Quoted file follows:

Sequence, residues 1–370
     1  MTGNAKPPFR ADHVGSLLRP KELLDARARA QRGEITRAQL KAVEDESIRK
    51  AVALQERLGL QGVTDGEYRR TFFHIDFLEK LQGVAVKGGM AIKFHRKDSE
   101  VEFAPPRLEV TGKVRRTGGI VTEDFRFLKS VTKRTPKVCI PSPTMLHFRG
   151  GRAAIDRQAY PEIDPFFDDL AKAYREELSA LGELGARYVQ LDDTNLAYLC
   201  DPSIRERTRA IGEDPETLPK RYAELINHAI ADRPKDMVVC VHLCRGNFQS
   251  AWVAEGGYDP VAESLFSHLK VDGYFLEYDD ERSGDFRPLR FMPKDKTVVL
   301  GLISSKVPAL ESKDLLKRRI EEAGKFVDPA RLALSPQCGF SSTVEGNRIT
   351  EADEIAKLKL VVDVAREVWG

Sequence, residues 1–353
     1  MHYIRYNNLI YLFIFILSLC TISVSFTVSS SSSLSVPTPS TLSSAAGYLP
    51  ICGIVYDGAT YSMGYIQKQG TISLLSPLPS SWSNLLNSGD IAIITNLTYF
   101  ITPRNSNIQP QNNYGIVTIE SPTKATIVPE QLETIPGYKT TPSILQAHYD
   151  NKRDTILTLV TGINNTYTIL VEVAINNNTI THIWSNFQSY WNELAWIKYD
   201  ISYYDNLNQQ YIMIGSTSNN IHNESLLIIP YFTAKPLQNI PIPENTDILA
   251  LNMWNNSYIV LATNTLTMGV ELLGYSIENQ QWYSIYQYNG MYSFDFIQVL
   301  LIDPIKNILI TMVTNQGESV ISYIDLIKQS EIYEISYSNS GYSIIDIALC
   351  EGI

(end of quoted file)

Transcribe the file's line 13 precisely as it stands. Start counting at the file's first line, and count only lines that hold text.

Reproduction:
   101  ITPRNSNIQP QNNYGIVTIE SPTKATIVPE QLETIPGYKT TPSILQAHYD